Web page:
Outdoors blog

Educators invited to Kalispel Encampment; credit offered

Building a camas oven at the Kalispel Tribe Indian Encampment. (Courtesy photo)
Building a camas oven at the Kalispel Tribe Indian Encampment. (Courtesy photo)

NATIVE AMERICANS -- Enrollment is underway for the Kalispel Encampment, an educator's workshop June 28-30 with the Kalispel Tribe of Indians and the David Thompson Bicentennials Partnership.

Educators will bask in the Native American history and culture as it meshed with the fur-trade era in the encampment along the Clark Fork River near Thompson Falls.

Educators can earn credit, renewal units or clock-hours for requirements in Montana, Idaho, and Washington.

The general public is also invited, but space is limited.

Pre-register at the Montana History website.

Read on for details:



The encampment kicks off on Thursday, June 28, in the afternoon with fur trade-era demonstrations by the Thompson Falls Brigade, a welcome by Kalispel elder Francis Cullooyah, and supper catered by Shantel Revais. After a tipi-raising contest, preparation of camas bulbs, and the creation of an earth oven to bake them in, tribal elders from several different parts of the river will offer words around the campfire. This Thursday evening event is open to 150 participants

            Friday will be devoted to a variety of classes for a total of up 100 participants.  The schedule begins with coffee and tea at the fur traders camp, breakfast for participants, then the preparation and ceremonial lighting of the camas oven fire at 8:00 a.m. Attendees will have an opportunity to choose from a wide variety of morinng classes, then cycle through three more choices on Friday afternoon and Saturday.

            Instructors include some of the most respected Salish language speakers and tribal historians from the northern Plateau, including Johnny Arlee, JR Bluff, Francis Cullooyah, and Pat Pierre.

            Traditional craft and skill instructors include Victoria Bowman Leach, Davonica Browneagle, Wilma Cullooyah, Glenn Leach, Wendy Ostlie, Raymond Finley, and Tim Ryan. They will share their knowledge of tipi construction, fish traps and hooks, beadwork, basketry, weaving hemp cordage, and plant uses.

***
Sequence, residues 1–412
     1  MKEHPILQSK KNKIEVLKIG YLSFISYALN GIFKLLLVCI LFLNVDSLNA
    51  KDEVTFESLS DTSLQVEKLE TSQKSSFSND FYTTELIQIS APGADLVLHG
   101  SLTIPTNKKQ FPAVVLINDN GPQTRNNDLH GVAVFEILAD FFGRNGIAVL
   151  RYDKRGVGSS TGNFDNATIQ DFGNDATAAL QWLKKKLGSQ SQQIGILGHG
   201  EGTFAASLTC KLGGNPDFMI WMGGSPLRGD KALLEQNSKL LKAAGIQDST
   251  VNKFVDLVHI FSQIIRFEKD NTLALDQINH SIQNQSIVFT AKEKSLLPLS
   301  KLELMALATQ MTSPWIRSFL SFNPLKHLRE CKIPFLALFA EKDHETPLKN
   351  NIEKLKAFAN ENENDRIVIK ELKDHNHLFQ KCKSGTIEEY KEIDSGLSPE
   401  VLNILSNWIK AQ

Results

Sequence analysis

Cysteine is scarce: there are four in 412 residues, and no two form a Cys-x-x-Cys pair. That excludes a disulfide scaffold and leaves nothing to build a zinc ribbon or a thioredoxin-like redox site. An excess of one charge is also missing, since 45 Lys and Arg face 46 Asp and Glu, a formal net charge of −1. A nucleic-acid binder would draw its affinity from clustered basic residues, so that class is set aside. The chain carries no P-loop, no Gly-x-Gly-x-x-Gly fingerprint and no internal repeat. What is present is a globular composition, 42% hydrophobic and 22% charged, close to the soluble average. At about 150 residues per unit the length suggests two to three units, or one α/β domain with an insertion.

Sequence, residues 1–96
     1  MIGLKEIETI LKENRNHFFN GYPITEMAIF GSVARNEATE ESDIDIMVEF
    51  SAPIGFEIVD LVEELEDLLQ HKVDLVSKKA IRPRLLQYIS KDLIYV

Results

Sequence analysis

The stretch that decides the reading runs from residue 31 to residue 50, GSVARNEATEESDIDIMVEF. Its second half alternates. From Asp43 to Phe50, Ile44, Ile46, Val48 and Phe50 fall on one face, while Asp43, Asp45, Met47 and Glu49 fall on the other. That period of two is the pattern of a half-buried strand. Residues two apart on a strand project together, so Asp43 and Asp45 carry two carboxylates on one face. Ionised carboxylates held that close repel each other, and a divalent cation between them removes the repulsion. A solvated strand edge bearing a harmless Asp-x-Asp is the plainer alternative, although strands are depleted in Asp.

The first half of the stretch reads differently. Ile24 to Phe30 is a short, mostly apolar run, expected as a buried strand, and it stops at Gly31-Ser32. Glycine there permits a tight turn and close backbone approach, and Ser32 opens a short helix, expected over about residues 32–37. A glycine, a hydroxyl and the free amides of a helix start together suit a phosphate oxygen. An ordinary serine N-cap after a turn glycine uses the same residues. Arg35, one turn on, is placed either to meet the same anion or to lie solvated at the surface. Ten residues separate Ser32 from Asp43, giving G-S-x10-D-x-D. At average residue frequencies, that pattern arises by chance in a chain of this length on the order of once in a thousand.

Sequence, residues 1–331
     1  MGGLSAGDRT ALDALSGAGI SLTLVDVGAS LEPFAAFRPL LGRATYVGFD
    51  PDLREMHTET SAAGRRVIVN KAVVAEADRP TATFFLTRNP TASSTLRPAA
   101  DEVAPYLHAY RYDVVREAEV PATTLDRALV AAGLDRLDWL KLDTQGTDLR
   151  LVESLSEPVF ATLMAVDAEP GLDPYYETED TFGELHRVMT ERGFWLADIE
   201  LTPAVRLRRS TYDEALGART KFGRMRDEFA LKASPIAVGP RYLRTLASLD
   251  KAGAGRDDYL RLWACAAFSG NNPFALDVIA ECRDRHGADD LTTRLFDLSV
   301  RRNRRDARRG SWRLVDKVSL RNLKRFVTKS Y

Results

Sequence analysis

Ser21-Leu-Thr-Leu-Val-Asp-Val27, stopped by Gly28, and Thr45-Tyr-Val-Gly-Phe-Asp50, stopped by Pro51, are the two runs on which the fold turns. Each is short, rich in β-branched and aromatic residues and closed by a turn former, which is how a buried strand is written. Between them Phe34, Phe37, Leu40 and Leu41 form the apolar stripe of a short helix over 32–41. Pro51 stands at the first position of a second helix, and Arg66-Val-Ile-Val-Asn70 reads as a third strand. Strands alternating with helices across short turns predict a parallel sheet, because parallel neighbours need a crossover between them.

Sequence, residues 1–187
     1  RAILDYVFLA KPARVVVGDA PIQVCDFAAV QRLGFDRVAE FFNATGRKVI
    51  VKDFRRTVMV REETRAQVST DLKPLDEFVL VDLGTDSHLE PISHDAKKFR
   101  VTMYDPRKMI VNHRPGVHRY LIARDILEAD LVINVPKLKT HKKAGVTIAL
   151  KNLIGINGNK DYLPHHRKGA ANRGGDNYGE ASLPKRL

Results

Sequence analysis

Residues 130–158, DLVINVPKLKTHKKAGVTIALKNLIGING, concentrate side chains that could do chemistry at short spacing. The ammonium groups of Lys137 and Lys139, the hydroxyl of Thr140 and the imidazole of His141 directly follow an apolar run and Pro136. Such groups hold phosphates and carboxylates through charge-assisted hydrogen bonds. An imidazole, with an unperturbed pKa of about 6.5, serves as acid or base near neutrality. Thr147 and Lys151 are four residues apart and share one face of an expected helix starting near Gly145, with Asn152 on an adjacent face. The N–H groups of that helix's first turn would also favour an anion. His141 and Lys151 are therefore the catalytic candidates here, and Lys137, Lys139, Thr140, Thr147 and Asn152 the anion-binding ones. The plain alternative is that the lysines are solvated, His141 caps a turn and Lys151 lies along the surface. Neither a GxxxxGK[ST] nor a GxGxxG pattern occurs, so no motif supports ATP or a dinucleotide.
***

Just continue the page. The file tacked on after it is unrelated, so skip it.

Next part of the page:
Traditional meat drying will be overseen by Bill Tanner and Bob and Kelly Woodcock. A camas oven bake, which will form the center of the encampment, is under the charge of Arlene Adams.

            In additional to tribal language and culture, Friends of Spokane House instructors Dean Bakke, Tom Cornwall, Bill and Bob Delyea, Dan Day, Bob and Peg Twyman, and Mark Weadick will offer classes in traditional fur trade skills that cover aspects of fuel, cordage, food, sign talk, firearms, history, and women of the fur trade. The Northwoods Canoe Company will have replica fur trade canoes on hand for those who want to engage in a voyageur paddle on the scenic Clark Fork River.

            After a catered supper on Friday evening, the world-renowned Frog Island Singers will lead drumming and dancing.

            On Saturday afternoon, the cooks will open their camas bulb oven and share the same foods that Salish people offered to David Thompson and his crew two hundred years ago. This traditional feast will connect the evening meal with final words that will cap off the encampment.

Go here for further information and the online registration form, and click on “2012 teacher workshops.”

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Rich Landers
Rich Landers writes and photographs stories for a wide range of outdoors coverage, including a Sunday feature section and a Thursday column. He also writes the Outdoors Blog.

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